It’s hard to know what to say about an organization like Wikileaks. On one hand, publishing classified information must certainly be illegal, but on the other hand, exposing illegal activity certainly shouldn’t be illegal; except, of course, when it puts people (the “good guys”) in danger.
Right now, Wikileaks, in the name of journalism, focuses on nothing; it is throwing everything out there into the public domain, everything from classified government documents to private messages sent between private parties.
Is this really “journalism”?
Perhaps in today’s wired world it can be considered at least “new journalism” but it must also be recognized as “dirty journalism,” journalism devoid of ethics or standards.
When it publishes, as it has, security procedures used at the United Nations and elsewhere, it potentially puts many people in danger in today’s terrorist infested world. When it publishes the tens of thousands of pager messages sent between friends and family on September 11, 2001, without permission from the parties involved, as it has, it steps way beyond any conceivable ethical journalistic standards.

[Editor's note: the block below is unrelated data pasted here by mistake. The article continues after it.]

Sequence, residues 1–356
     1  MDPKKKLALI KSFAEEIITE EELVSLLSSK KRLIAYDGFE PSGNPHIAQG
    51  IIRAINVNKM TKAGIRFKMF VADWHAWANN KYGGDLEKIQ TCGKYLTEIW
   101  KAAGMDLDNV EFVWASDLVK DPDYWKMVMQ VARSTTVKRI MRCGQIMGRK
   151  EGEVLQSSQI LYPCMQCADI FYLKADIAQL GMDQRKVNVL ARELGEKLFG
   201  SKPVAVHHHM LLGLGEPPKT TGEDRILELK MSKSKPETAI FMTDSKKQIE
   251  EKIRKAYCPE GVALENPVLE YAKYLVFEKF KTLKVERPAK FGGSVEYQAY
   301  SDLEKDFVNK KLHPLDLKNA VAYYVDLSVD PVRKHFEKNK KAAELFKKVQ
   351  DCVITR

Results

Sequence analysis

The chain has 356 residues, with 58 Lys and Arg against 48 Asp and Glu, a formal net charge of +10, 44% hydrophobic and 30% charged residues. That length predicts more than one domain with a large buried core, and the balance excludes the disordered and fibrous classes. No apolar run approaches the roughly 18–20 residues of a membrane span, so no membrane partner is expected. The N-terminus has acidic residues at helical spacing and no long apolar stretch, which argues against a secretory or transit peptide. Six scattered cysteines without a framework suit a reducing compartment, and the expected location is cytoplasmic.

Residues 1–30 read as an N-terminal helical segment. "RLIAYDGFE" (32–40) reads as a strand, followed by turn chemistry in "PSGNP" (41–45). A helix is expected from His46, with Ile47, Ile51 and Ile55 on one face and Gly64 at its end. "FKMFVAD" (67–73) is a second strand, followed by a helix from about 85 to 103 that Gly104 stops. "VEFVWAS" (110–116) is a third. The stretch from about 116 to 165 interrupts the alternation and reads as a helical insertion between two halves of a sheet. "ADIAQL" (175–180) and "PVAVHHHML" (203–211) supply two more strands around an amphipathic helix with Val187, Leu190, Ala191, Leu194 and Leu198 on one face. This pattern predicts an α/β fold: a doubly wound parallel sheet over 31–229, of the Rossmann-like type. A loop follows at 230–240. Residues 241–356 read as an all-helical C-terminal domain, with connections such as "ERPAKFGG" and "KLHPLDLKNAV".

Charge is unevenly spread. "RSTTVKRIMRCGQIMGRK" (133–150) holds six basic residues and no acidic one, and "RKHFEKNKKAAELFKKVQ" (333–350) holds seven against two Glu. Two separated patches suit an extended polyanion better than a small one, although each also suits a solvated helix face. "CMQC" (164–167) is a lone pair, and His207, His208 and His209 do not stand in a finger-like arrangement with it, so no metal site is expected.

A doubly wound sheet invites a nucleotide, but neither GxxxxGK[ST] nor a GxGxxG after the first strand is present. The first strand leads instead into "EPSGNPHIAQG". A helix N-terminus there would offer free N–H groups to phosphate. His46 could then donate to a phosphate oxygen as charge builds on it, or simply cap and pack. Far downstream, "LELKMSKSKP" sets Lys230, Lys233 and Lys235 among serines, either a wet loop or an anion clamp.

Perhaps “junk journalism” would be the best descriptor.
Another consideration, and the one that concerns me the most, is the future of the Internet! The U.S. government is very upset! You can bet your 401K that the end result of Wikilinks will be new controls on the Internet, more government involvement in Internet operations and perhaps even laws that can punish bloggers (most of whom, who seem to consider themselves journalists) for what they publish in their blogs.
I’m talking about censorship (or whatever they’ll choose to call it); we’ve witnessed it recently: a determined administration will do whatever the hell it wants without regard to public opinion.
No, Wikileaks is certainly not a positive presence in either the world of journalism or the World Wide Web.
Certainly, just my opinion!